“Ummm, honestly? Memorable … while I’m recording? No.” Joi laughs “First of all (her voice rises) there’s no-one in there! Nobody, no traffic, no audience, no spectating - nobody’s in the studio but me and Devon. So in terms of things being eventful? Err … not so much!!” Still laughing, “Not so much with the eventfulness – shit, maybe the best day was when we got it done! And when we realized that we would be able to be self contained. We figured out a couple of things, I call it self-persevering genius, because neither one of us are experienced engineers – I have the ear of an engineer and Devon has the technical savvy, so by getting together we made one helluva engineer! But with Hot Heavy & Bad and our production company Flawless Beat Creations there is no outside anything.” Google Joi, and rightly or wrongly shit loads of descriptive words are used as meta-tags for her music: Eclectic, Experimental, Funky, Electronic, Rock, R&B, Fearless, Slop (probably with a link to this site), Hip Hop, Afro Punk etc. But rarely do bloggers and reporters type Soul. Yet soul is a pre-requisite for the art of Joi Gilliam. Undercover’s highlight, is undoubtedly the most soulful interpretation on the set: If & When is a synth based cover of the classic, surprisingly overlooked, Bruce Hawes & Joseph Jefferson composition first recorded by the Three Degrees in ‘73 for Philly International (though I prefer this rawer version, If & When is also given the full band treatment on the box set only indie artist obscurity SoulFinger, released in 2014).
“If & When is just one of my all time favourite soul ballads, ever. I love the Three Degrees … I love them. They’re beautiful and immaculate vocalists and they understand all of what it means to be a performance artist. If you look at the live footage of them it is some of the most mesmerizing stuff you will ever see … from anybody. And it was a fan who sent me a message on Myspace, saying “I saw this and I thought of you, I don’t know if you’ve already seen this or not?” And whilst I was clearly familiar with the song and with the ladies, I had never seen any live footage of them and what they sent me was a live performance on Top Of The Pops and Oh my god! I was so taken and blown away by the orchestration of the music and how they chose to deliver the track vocally it just really inspired me. So I decided that I wanted to give it a stab myself. And also, I thought I’d use it as an opportunity to let more people know about the Three Degrees because stateside people don’t really know them, all they know is When Will I See You Again. They didn’t get the love over here it was all about the Supremes and whoever else and the Three Degrees just got lost in the sea of girl groups. But the lyrics were just wow! I mean WOW! It was the ultimate song about “I’m gonna love you forever and I might still even be here when you come back.” It was strong AND it was vulnerable – I just love every minute of If & When.”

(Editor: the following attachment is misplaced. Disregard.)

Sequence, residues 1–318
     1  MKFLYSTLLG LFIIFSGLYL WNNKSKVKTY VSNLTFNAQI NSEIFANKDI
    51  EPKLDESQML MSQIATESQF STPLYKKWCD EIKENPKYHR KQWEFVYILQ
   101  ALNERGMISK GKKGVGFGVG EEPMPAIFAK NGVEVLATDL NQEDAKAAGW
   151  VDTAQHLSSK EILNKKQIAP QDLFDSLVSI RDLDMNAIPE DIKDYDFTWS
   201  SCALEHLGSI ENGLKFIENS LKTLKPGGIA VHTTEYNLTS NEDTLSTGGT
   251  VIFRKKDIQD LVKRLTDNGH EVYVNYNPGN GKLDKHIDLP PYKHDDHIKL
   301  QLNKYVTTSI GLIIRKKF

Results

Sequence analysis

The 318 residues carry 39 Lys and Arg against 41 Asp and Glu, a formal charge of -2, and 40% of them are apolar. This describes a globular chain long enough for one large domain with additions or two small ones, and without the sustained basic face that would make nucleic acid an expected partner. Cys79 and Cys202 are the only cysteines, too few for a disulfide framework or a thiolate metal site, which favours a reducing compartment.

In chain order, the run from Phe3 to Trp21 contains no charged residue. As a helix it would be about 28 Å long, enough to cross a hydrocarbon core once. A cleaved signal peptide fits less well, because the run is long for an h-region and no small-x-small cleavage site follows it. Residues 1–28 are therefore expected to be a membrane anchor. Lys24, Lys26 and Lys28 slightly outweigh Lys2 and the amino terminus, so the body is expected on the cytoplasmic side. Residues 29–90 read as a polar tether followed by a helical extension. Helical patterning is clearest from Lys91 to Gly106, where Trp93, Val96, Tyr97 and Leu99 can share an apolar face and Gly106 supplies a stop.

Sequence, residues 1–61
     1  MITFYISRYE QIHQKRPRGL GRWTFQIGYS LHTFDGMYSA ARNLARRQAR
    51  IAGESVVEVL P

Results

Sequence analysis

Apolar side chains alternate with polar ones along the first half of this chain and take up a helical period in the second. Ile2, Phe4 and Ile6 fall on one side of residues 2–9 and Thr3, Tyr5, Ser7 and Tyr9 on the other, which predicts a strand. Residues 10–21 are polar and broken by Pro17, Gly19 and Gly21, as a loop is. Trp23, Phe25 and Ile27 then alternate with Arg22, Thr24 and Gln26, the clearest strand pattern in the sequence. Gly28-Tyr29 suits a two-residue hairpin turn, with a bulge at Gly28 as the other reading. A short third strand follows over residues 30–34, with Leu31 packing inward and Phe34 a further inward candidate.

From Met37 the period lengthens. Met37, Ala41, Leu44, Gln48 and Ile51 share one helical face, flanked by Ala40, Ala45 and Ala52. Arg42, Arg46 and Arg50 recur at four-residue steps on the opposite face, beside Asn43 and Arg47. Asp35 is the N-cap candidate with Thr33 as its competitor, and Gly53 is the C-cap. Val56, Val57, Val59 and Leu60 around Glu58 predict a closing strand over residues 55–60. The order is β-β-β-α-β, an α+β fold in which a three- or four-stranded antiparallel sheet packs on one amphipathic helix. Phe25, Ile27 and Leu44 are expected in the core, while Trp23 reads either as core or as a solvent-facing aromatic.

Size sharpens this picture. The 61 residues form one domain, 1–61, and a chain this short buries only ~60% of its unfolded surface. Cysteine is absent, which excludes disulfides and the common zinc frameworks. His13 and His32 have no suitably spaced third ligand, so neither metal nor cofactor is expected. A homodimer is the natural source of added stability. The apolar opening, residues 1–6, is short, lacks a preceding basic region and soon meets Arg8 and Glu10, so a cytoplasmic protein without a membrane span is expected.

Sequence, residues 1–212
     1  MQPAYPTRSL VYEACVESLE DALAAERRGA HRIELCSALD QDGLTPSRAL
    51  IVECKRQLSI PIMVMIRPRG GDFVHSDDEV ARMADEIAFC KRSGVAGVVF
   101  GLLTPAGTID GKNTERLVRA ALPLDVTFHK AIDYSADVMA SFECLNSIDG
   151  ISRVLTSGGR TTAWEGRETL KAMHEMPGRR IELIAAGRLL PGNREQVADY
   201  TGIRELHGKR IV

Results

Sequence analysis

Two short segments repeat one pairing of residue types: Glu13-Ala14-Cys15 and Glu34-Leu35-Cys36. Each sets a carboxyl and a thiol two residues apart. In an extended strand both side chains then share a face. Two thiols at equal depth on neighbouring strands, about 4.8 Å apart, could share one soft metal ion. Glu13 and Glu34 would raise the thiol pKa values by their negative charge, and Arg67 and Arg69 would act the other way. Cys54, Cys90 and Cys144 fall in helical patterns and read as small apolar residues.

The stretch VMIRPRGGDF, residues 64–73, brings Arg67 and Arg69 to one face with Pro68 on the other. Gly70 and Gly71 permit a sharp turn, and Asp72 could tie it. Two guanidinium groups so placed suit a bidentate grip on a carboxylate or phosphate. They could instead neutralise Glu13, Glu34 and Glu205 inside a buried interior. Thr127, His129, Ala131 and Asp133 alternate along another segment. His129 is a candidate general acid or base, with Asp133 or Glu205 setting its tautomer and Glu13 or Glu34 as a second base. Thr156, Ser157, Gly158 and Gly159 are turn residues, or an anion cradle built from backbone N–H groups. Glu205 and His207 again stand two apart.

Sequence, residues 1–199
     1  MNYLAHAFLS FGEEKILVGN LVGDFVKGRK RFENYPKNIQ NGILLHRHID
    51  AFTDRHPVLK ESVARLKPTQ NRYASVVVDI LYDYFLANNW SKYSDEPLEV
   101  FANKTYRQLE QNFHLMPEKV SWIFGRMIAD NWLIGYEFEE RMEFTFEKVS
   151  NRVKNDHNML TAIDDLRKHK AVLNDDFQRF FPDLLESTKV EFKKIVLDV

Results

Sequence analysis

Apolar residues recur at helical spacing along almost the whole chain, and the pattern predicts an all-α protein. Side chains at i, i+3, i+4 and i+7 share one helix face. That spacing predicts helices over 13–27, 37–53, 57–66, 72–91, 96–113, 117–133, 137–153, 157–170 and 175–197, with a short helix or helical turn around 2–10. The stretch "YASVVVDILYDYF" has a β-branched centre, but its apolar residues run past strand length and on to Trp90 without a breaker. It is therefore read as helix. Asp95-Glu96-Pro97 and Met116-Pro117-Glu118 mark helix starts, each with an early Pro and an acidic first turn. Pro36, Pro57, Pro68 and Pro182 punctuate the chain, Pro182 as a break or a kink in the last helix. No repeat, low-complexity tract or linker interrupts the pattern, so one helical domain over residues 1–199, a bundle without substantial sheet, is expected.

The Three Degrees number is regularly performed by Hot Heavy & Bad at their regular Pals Psychodelacoustic shows. Musically stripped down, just a guitar and a mic, the duo has another mixtape in the offing using this approach – Psychodelacoustic, so called because the vocals have a psychedelic edge to ‘em. “It sounds spacey – its sounds trippy.” But Joi, who once wrote a song with Raphael Saadiq titled Twist Me A J, no longer needs to get all under the influence for work.
“Maybe when I was younger, earlier on I was a little more open to that. But I’ve been there – done that. So really this is just another level of experimentation – how wild, or how beyond can the music sound when I’m dead ass sober. It’s like another frontier to explore – so I think I’m exploring that right now. Besides when I’m performing, I’m pretty lucid and I like to know what the hell is goin’ on. I’m not somebody who gets loaded before they go on stage. There’s too much shit to think about – if I’m stoned, on stage, I’m gonna fuck up (laughs) so nah – I’m sober on stage. You know maybe I’ll have a cocktail or two, on occasion in the studio – you know maybe I’ll smoke a joint in the studio – but quite frankly if its just me, I’m creating and getting shit done.”
Harem Of God and the original material of Hot Heavy & Bad remains unreleased.
Thanks to Joi & Devon Lee - Hot Heavy & Bad